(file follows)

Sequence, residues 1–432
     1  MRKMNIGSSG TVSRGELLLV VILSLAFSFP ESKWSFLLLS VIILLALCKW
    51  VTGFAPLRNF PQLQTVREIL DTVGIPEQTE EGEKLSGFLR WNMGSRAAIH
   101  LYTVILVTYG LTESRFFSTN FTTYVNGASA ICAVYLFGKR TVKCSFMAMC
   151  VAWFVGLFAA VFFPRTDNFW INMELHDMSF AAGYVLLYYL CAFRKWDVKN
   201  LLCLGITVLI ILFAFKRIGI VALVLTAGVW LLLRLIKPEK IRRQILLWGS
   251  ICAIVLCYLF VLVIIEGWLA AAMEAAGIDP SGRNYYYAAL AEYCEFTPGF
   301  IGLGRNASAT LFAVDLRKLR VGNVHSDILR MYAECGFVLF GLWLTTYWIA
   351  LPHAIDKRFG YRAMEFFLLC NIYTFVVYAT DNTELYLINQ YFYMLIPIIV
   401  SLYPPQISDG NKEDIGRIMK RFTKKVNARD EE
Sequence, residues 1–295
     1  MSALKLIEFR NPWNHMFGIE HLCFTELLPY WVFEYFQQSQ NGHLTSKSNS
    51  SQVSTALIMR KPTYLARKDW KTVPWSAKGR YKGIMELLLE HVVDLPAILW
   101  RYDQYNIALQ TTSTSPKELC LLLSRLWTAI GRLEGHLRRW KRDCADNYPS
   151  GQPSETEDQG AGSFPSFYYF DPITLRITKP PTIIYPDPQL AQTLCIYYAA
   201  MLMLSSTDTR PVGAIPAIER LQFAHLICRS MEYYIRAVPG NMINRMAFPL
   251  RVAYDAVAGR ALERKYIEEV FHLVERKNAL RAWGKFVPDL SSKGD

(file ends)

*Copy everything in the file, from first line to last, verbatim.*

Sequence, residues 1–432
     1  MRKMNIGSSG TVSRGELLLV VILSLAFSFP ESKWSFLLLS VIILLALCKW
    51  VTGFAPLRNF PQLQTVREIL DTVGIPEQTE EGEKLSGFLR WNMGSRAAIH
   101  LYTVILVTYG LTESRFFSTN FTTYVNGASA ICAVYLFGKR TVKCSFMAMC
   151  VAWFVGLFAA VFFPRTDNFW INMELHDMSF AAGYVLLYYL CAFRKWDVKN
   201  LLCLGITVLI ILFAFKRIGI VALVLTAGVW LLLRLIKPEK IRRQILLWGS
   251  ICAIVLCYLF VLVIIEGWLA AAMEAAGIDP SGRNYYYAAL AEYCEFTPGF
   301  IGLGRNASAT LFAVDLRKLR VGNVHSDILR MYAECGFVLF GLWLTTYWIA
   351  LPHAIDKRFG YRAMEFFLLC NIYTFVVYAT DNTELYLINQ YFYMLIPIIV
   401  SLYPPQISDG NKEDIGRIMK RFTKKVNARD EE
Sequence, residues 1–295
     1  MSALKLIEFR NPWNHMFGIE HLCFTELLPY WVFEYFQQSQ NGHLTSKSNS
    51  SQVSTALIMR KPTYLARKDW KTVPWSAKGR YKGIMELLLE HVVDLPAILW
   101  RYDQYNIALQ TTSTSPKELC LLLSRLWTAI GRLEGHLRRW KRDCADNYPS
   151  GQPSETEDQG AGSFPSFYYF DPITLRITKP PTIIYPDPQL AQTLCIYYAA
   201  MLMLSSTDTR PVGAIPAIER LQFAHLICRS MEYYIRAVPG NMINRMAFPL
   251  RVAYDAVAGR ALERKYIEEV FHLVERKNAL RAWGKFVPDL SSKGD